To salvage it, I decided to serve it with some whipped cream. As in store bough whipped cream. You know,cool whip makes everything seem better.

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Ambat Tikhat Kolambi – Hot and Sour Shrimp Curry

Hot and Sour Shrimp curry

My mom is a pure vegetarian. But she knew we loved fish and shrimp and she used to cook 3- 4 “non vegetarian” dishes for us. Shrimp pulav, fried pomfret, stuffed surmai and fish curry.

She had learnt them from her best friend, right down to the salt and seasonings as she couldn’t taste test it.

Hot and Sour Shrimp curry

Every Sunday morning (or at least every alternate Sunday morning), Mom’s best friend would call. The kolin or the fish monger would come to their house. My mom would have told her to buy fish or shrimp for us. The call was to arrange pickup. Mom used to make me go downstairs to pick up the parcel. Her friend’s son used to come half way and sheepishly hand me the carefully wrapped parcel. I used to sneak it in averting the gaze of my “pure vegetarian” neighbors. 

It was not as scandalous as when my grand mom used to visit and we literally used to scrub down the kitchen to remove any traces of non-vegetarian food smell in our house from cups, spoons, plates etc.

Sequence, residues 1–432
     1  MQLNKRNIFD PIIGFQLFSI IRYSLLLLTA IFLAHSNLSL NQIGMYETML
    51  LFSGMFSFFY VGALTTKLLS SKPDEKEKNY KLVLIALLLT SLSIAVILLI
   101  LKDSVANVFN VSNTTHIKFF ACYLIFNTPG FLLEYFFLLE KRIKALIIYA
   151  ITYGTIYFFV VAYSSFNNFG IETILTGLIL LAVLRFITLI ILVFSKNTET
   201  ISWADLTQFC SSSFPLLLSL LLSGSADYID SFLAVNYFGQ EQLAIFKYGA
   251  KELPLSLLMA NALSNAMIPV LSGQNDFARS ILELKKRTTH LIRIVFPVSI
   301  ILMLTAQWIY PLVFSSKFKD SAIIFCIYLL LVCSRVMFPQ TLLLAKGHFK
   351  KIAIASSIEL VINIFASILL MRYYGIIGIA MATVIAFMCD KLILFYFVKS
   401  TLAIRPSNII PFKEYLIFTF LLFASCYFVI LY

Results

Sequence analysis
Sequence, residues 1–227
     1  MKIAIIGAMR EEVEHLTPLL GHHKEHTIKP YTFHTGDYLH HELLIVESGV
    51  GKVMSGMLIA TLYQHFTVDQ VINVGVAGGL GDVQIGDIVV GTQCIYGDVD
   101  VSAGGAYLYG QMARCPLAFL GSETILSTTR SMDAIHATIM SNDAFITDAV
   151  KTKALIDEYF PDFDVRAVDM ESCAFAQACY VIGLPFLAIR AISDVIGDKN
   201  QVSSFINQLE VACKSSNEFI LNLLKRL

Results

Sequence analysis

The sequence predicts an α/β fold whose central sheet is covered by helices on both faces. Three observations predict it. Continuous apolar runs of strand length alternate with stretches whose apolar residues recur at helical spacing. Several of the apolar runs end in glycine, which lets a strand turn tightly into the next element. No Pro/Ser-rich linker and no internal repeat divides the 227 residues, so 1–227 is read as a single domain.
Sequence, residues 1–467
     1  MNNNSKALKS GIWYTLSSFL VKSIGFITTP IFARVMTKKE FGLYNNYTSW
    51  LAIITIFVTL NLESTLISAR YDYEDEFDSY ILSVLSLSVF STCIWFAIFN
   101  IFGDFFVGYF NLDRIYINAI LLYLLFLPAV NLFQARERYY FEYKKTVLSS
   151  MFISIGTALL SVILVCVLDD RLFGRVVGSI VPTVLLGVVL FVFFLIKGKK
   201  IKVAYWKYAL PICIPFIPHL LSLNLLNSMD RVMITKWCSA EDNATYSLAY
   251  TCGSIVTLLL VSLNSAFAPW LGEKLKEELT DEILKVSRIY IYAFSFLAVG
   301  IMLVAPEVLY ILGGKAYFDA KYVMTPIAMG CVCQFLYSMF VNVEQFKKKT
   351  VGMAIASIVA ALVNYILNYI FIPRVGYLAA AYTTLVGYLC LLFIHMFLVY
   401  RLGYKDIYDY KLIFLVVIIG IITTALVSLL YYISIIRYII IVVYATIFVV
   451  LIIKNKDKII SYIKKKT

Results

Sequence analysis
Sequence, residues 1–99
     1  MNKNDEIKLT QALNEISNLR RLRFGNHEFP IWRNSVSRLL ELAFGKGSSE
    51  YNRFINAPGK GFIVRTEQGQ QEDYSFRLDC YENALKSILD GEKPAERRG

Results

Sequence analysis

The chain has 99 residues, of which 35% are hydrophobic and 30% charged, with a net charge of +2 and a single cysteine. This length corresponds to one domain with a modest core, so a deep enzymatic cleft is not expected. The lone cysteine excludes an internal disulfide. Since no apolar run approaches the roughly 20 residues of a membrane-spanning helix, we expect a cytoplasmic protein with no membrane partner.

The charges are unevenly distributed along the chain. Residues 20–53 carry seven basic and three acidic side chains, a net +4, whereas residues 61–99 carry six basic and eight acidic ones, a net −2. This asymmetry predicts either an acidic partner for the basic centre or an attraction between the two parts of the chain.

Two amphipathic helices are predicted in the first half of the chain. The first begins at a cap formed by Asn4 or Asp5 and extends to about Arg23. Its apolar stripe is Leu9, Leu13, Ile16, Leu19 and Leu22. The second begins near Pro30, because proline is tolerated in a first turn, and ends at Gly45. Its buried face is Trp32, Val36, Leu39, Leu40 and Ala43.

Hot and Sour Shrimp curry

It’s thanks to this and my mom’s best friends recipes that I had some insight into some yummy seafood. Green chillies, freshly ground coconut, kokum. Fresh seafood.

Vipul is in Japan this week for work.While I know he will love food there, before leaving, he wanted to have his fill of Indian food. I made him mom style hot and sour shrimp curry.

If you have ever been to Gajalee, you will know the kind of curry that I am talking about. The heat of the curry is mind-blowing. And the sourness of tamarind and kokum adds a different dimension. This is coastal Maharashtrian cuisine at its best! Coconutty, spicy and with fresh seafood!

I made this for Vipul before he went to Japan for a 10 day work trip. To remind him what good Indian food he will miss while he is stuffing his face with sushi/sashimi/soba/udon/ramen.